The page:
The novel coronavirus outbreak has placed extraordinary demands on Wuhan’s delivery workers, taxi drivers, sanitation and community workers, who are all playing a vital role in keeping the city moving.
For more than a week now, 32-year-old Chen Jing and a group of dedicated caterers and delivery drivers have been working around the clock to provide free meals to medical staff in Wuhan.
Working out of their base at Hankou railway station, the workers have cooked and delivered more than a thousand meals a day to overworked medical staff in five city hospitals, knowing full well that they are potentially putting themselves at risk of contracting the disease in the process.
Chen had planned to return to her hometown in Shaanxi for the Lunar New Year holiday but, like millions of others, she was trapped when the city was quarantined on 23 January. Initially, Chen did not know what to do but, working with food delivery company Meituan, she soon organised an efficient and hygienic delivery system that was able to provide medical workers with much needed meals.
The efforts of Chen and her colleagues is a testament to the fact that the novel coronavirus outbreak has not just affected the city’s frontline medical staff but has also placed extraordinary demands on Wuhan’s delivery workers, taxi drivers, sanitation and community workers, not to mention the thousands of construction workers contracted to build a new hospital in just a few days. These workers are under additional pressure however because the bulk of resources go to frontline medical staff, leaving support staff largely unprotected.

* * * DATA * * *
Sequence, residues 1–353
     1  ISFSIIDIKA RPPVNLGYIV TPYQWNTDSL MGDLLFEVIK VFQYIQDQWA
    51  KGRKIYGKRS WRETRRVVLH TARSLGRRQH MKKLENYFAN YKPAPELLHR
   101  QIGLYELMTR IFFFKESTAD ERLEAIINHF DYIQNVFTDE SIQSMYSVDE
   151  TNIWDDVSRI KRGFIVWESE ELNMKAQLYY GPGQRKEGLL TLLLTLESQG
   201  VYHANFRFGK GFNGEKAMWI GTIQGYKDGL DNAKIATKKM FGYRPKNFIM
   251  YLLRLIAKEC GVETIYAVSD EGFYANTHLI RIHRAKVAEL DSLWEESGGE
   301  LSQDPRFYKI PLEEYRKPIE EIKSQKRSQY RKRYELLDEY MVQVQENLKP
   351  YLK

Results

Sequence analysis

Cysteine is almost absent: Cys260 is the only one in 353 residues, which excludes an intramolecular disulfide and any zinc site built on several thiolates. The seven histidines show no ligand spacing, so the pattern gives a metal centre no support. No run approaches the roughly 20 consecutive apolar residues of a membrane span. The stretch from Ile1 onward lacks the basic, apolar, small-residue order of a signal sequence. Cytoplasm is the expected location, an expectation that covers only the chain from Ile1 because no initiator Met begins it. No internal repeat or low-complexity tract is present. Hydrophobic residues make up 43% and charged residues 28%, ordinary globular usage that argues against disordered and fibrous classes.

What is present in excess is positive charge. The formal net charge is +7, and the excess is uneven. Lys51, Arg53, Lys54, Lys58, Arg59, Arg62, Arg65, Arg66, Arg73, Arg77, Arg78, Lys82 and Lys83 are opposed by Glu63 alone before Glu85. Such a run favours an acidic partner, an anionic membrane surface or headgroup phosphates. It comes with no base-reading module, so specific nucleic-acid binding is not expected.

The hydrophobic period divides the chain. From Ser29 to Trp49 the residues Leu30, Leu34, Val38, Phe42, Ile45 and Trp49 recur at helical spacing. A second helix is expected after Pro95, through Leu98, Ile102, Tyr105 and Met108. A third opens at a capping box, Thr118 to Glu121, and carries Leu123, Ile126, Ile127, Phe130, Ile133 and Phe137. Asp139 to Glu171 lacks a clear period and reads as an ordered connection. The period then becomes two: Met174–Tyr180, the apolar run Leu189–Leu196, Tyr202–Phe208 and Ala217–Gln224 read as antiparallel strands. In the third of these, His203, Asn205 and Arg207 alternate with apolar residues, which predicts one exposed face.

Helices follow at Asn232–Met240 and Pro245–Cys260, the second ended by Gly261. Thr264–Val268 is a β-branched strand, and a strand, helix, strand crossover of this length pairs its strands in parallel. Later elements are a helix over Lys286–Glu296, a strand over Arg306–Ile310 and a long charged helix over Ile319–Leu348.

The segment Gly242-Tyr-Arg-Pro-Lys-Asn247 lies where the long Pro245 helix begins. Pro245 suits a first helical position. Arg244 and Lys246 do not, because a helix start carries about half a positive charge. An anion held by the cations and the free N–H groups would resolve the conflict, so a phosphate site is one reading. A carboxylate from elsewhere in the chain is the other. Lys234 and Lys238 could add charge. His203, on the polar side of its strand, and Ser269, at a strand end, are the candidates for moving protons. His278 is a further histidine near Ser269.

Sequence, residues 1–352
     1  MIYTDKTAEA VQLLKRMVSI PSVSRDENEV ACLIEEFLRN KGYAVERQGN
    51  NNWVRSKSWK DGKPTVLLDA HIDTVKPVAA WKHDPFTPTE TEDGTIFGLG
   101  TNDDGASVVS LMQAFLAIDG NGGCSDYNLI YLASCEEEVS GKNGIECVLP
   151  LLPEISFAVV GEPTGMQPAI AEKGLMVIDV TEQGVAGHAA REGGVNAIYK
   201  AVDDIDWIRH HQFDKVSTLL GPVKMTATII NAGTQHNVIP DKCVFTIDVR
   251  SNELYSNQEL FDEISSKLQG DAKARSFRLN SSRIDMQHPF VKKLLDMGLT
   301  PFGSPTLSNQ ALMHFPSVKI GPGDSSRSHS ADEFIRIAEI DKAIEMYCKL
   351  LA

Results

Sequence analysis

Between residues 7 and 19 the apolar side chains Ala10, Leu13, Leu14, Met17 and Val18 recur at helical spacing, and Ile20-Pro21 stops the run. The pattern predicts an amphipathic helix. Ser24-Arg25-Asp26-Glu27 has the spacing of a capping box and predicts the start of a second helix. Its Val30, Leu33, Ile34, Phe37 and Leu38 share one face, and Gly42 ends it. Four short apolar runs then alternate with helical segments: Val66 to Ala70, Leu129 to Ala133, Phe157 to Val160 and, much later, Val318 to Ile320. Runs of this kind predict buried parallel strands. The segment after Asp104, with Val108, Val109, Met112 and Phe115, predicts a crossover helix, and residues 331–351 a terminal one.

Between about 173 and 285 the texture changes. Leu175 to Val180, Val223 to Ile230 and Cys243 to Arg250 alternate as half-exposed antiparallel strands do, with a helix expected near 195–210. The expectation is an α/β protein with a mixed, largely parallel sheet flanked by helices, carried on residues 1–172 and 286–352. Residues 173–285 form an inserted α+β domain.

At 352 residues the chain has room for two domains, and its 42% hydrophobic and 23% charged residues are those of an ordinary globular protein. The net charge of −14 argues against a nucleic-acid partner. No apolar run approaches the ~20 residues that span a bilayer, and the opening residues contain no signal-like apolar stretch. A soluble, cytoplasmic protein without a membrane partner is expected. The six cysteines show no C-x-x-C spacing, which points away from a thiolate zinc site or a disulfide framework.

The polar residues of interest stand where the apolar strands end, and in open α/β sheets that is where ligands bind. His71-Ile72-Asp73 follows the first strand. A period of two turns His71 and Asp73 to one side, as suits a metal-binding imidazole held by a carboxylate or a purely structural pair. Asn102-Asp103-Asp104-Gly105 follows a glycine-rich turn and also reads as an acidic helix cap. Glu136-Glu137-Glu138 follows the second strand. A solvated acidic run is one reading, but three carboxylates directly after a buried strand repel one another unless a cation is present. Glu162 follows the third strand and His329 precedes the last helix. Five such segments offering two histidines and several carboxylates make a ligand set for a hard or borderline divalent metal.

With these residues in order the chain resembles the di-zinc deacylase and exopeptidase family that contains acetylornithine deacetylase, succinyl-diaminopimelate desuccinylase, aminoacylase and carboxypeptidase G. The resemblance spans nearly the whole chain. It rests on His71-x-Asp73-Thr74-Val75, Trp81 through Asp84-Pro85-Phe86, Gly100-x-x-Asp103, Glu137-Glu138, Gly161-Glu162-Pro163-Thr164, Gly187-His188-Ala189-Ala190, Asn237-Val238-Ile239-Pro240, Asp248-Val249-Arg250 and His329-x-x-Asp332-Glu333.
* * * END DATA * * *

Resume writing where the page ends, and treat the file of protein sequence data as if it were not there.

Photo credit: Wuhan Photographer Konjak
Wuhan’s sanitation workers are struggling to keep the city’s streets clean with increased workloads and limited supplies. Even at the best of times, sanitation workers are under pressure to complete as much work as possible in the shortest time but now in Wuhan, their workload has increased immeasurably. In addition to their usual cleaning services, sanitation workers have to empty mask recycling bins, sterilise their vehicles three times a day and spray disinfectant onto the streets. Despite the increased burden and obvious risks, most sanitation workers cannot afford not to work. Ms Lian, who is in her mid-60s, is paid 70 yuan a day but explained that she will be fined 150 yuan for each day’s absence.
Masks, gloves and disinfectant are all in short supply. One group of workers received disinfectant daily and reusable labour gloves from their employer, others were allocated just two masks by their employer. In Beijing and Guangzhou, where supplies are more plentiful, the majority of sanitation workers still have to use disposable masks for more than one day, according to surveys conducted in those cities. In Wuhan, the situation is even more critical.
In addition, the lack of public transportation means that many workers have trouble just getting to work. One sanitation worker, Ms Wu, said she had to walk for more than an hour to get to her cleaning station. She only had seven masks, she said, provided by the sub-district authorities not the private company she is employed by.